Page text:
# The Unapologetic Mathematician

## Permutation Representations from Partitions

Now that we have an action of $S_n$ on the Young tabloids of shape $\lambda\vdash n$, we can consider the permutation representation $M^\lambda$ that corresponds to it. Let’s consider a few examples.

First, let $\lambda=(n)$. This is a pretty trivial “partition”, consisting of one piece of length $n$. The Ferrers diagram of $\lambda$ looks like

$\displaystyle\begin{array}{cccc}\bullet&\bullet&\cdots&\bullet\end{array}$

Any Young tableau thus contains all $n$ numbers on the single row, so they’re all row-equivalent. There is only one Young tabloid:

$\displaystyle\begin{array}{cccc}\cline{1-4}1&2&\cdots&n\\\cline{1-4}\end{array}$

We conclude that $M^{(n)}$ is a one-dimensional vector space with the trivial action of $S_n$.

Next, let $\lambda=(1^n)$ — another simple partition with $n$ parts of length $1$ each. The Ferrers diagram looks like

$\displaystyle\begin{array}{c}\bullet\\\bullet\\\vdots\\\bullet\end{array}$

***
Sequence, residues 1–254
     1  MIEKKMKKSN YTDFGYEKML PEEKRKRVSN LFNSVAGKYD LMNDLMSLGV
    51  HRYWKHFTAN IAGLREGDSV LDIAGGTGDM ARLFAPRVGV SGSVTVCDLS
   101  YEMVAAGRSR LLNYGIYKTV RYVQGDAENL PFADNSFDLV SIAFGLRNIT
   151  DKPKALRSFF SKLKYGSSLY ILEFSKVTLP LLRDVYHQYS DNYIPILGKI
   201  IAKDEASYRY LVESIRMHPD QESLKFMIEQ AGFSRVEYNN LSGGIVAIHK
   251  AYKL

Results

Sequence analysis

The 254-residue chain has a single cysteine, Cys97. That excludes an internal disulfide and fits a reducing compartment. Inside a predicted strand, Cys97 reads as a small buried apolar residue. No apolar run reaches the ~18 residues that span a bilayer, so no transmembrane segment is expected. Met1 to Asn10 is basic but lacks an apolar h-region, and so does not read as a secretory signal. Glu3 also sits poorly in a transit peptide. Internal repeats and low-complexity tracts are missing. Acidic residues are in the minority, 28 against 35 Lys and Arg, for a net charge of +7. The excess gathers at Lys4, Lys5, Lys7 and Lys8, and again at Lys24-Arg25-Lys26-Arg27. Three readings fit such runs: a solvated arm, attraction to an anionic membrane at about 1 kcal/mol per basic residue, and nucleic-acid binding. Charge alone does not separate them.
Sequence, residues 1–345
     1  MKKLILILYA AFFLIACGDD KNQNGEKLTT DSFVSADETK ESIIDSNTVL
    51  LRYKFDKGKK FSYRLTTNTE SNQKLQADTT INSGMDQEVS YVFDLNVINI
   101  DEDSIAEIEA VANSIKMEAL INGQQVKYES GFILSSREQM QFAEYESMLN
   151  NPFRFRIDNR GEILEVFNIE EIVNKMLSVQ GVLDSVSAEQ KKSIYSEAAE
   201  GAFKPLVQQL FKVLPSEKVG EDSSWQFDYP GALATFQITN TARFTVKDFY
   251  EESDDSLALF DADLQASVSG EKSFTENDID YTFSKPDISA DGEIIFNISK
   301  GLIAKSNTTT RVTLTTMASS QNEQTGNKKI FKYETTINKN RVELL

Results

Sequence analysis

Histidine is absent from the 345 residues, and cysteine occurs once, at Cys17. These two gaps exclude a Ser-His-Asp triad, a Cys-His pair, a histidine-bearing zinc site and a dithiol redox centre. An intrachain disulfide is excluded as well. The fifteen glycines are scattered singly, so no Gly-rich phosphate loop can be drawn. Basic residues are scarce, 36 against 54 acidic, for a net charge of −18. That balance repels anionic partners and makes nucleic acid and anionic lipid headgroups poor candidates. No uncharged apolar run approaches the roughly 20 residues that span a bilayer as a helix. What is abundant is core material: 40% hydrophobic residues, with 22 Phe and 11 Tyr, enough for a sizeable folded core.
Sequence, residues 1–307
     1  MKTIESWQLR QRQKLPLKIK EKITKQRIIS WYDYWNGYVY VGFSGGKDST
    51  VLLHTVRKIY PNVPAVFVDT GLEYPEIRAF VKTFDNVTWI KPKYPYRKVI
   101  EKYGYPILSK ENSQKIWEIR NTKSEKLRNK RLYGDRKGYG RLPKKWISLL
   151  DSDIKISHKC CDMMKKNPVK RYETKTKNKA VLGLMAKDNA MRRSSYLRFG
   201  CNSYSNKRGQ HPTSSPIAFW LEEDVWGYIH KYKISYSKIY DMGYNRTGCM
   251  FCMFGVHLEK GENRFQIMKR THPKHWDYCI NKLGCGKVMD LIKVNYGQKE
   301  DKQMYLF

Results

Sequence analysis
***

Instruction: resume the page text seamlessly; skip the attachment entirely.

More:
Now in every Young tableau each number is on a different line, so no two tableaux are row-equivalent. They each give rise to their own Young tabloid, such as

$\displaystyle\begin{array}{c}\cline{1-1}1\\\cline{1-1}2\\\cline{1-1}\vdots\\\cline{1-1}n\\\cline{1-1}\end{array}$

These tabloids correspond to permutations; a generic one looks like

$\displaystyle\begin{array}{c}\cline{1-1}\pi(1)\\\cline{1-1}\pi(2)\\\cline{1-1}\vdots\\\cline{1-1}\pi(n)\\\cline{1-1}\end{array}$

The action of $S_n$ on these tabloids is basically the same as left-multiplication on the underlying set $S_n$. And so we find the left regular representation.

Finally, consider the partition $\lambda=(n-1,1)$. This time the Ferrers diagram looks like

$\displaystyle\begin{array}{cccc}\bullet&\bullet&\cdots&\bullet\\\bullet&&&\end{array}$

and a sample Young tabloid looks like

$\displaystyle\begin{array}{cccc}\cline{1-4}1&2&\cdots&n-1\\\cline{1-4}n&&&\\\cline{1-1}\end{array}$

Any Young tabloid of shape $\lambda$ is uniquely specified by the single entry on the second row. Any permutation shuffles them around exactly like it does these entries, and so $M^{(n-1,1)}$ is isomorphic to the defining representation.

December 14, 2010